i fully agree, and not only is there a big alienation of older generations, but a lack of respect for them as well. people older than us are so much wiser than us younger folks, and not many people seem to realize that. i also agree with joshua andrews' comment, it may be due to the fear of age. whatever causes it, something must be done about it. not quite sure what though.
Amandasaurus said…
There is so much to learn from older generations. They have such rich histories to share and, as you said, can surely see into the future as well. If nothing else I think our society has a sickening lack of respect for the elder generations. We forget the things of true and biblical value, like wisdom, and worship instead things of temporal value, like smooth skin and flat tummies. Reverence for those who've seen more of the world than we ourselves have, seems to be unique to eastern and/or tribal cultures. Our industrialized, technophilic machines of material advance have none of it... and I believe we'll reap the consequences of that. Perhaps it's morbid but I actually hope we do. It's time for reform.
amanda said…
I agree with you.

I was homeschooled as a child, and as a result I interacted with many different age ranges, from my younger siblings to my parent's older friends. One of the reasons why my parents chose homeschooling was because of the destructive ingrowth that comes from intensive age segregation. I appreciate people older than me, and younger than me.

Another issue with this is the phenomenon known as the "youth group". The church I attended as a kid eventually did away with the youth group and encouraged the young people to interact with those older than they. There is so much to learn from people older than we are, and there is so much we can give to those who are younger.

And yes, I could probably go on all day about this, but I shall spare you.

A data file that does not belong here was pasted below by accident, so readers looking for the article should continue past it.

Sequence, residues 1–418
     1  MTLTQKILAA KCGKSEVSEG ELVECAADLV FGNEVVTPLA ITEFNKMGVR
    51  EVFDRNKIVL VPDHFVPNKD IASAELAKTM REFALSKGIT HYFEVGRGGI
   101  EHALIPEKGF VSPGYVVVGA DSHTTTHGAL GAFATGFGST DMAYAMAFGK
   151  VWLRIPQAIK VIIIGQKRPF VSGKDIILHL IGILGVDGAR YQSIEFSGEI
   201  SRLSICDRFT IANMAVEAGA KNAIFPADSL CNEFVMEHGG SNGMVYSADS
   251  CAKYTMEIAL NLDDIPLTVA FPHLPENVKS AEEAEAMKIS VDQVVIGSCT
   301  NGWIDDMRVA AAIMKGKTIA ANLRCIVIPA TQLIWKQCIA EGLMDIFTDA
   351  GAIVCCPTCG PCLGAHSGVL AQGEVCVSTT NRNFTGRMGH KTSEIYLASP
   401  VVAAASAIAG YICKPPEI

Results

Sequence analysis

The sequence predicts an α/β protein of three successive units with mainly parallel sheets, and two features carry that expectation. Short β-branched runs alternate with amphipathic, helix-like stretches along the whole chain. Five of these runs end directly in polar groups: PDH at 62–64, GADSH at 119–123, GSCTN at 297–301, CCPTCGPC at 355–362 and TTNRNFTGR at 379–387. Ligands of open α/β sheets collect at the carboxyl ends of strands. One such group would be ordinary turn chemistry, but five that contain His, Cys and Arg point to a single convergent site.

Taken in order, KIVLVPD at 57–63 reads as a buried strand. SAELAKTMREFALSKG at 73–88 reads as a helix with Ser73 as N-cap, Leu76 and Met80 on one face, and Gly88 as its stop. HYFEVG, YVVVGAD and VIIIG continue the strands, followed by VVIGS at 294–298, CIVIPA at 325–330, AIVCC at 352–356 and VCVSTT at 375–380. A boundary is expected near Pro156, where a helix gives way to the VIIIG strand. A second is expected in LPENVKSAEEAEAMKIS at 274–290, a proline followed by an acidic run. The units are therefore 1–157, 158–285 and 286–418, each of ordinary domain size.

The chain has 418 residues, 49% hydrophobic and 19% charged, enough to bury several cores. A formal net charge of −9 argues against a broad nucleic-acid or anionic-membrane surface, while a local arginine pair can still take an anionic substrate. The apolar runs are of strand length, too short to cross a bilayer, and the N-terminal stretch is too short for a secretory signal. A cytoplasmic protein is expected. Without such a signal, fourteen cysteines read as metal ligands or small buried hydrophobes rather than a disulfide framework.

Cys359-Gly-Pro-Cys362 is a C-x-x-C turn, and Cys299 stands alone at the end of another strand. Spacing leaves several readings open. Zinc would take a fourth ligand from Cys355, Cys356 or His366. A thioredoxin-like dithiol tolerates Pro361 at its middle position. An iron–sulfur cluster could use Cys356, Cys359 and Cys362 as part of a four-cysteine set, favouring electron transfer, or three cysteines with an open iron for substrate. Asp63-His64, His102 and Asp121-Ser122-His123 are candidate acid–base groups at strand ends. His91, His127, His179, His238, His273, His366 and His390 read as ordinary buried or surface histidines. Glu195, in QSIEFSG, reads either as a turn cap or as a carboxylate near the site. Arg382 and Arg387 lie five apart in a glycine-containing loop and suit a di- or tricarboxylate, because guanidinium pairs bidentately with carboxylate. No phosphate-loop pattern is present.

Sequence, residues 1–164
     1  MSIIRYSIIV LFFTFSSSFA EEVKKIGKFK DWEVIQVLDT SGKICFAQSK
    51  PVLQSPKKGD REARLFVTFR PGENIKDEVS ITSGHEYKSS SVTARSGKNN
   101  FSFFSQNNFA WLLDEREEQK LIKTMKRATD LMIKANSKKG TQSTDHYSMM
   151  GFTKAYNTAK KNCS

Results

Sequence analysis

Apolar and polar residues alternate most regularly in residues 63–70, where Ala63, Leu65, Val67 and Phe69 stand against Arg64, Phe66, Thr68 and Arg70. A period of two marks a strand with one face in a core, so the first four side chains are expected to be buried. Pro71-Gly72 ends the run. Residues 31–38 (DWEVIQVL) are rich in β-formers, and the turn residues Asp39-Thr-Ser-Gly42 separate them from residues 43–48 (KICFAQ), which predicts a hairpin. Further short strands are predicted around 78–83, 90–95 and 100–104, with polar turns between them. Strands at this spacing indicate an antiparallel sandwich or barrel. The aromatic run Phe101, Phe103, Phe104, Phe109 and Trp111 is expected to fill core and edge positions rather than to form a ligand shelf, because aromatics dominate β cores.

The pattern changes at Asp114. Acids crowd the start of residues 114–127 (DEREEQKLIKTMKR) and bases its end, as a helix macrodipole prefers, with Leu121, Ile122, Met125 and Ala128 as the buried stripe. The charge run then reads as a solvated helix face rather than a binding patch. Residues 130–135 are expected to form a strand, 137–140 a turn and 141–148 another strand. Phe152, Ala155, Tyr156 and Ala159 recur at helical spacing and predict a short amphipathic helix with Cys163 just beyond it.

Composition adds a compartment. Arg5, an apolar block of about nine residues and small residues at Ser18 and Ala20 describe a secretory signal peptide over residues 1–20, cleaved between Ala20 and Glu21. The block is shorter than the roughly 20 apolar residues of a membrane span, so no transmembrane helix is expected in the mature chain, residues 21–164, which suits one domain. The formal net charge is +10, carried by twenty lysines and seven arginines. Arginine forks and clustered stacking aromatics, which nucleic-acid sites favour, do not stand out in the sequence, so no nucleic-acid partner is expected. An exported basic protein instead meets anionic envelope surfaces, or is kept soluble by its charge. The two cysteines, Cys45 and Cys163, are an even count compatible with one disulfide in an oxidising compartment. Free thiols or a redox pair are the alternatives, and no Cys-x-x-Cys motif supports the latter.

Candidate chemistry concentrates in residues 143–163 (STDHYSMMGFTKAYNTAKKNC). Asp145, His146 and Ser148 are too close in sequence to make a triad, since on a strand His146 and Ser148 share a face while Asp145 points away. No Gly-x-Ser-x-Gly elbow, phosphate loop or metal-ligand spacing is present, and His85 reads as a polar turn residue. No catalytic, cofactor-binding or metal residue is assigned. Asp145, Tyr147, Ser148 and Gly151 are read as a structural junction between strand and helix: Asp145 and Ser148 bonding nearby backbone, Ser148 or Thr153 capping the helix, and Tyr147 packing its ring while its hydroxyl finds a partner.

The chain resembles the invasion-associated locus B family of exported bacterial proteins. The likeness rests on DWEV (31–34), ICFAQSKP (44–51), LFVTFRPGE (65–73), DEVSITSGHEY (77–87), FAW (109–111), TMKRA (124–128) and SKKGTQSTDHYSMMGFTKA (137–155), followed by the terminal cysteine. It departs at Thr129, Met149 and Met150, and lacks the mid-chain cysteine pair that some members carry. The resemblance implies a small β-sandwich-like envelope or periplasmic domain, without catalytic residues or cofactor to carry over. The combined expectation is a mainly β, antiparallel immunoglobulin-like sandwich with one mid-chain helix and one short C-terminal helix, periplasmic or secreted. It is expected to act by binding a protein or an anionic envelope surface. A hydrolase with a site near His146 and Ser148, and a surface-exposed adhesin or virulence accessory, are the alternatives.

amanda said…
although, i will add that it frustrates me that the american culture puts so mcuh value on youth. i'm not afriad to get old, in fact i hope to embrace it
amanda said…
one of the people i am closest to and who has poured so much into my life is 37 and she has five children. i wish more people were open to the idea of sharing their lives with those younger than they, and i wish the younger people would value the older..

okay! i will shut up now haha
Anonymous said…
I actually met someone on my first solo trip from home that I would consider to be a mentor. He has a shop called Spectrum India in Providence, RI (near Brown Uni). I was at Brown for a summer program in about mid-June and I went to a lot of the shops while I was there. Jagdish is his name. He is this old man (I don't know his name and he's older than I by many years, so he's "old") in the middle of this big city with a store that has the best atmosphere.

When you walk in, he greets you from behind he counter -- even if he's helping other people, because he wants you to feel welcome. Once you get around to checking out (it took me awhile the first time I went in because there was so much to explore) he asks you where you're from, why you're in Providence, and how you are. It's nice because he's a genuine guy and actually wants to know, not just make conversation.

I can't really explain our conversations that we had very well because a lot of it was connection, but Jagdish will take the time to have a conversation with you if it's not really busy. We once had a conversation that lasted a better part of an hour. I learned a lot about him, his life in India, how he studied in Canada, and how he came to Providence. He is/was an avid picture taker but doesn't have all his rolls of film developed.

I also spoke to him about things that had troubled me at the time because my friend and I weren't talking for the past few weeks but speaking through what we had gone through for the past few years. It really helped because speaking with him helped me make the decision to go talk to her right after I got back. Now my friend and I are closer because of the mentoring Jagdish did.

Stephen, when you're in that area and you have the time I recommend stopping by. I learned a ton from him.

Thanks for posting (& reading),
Sarah Hewett
Anonymous said…
I don't know his age**
Exscuse my typos.

-Sarah Hewett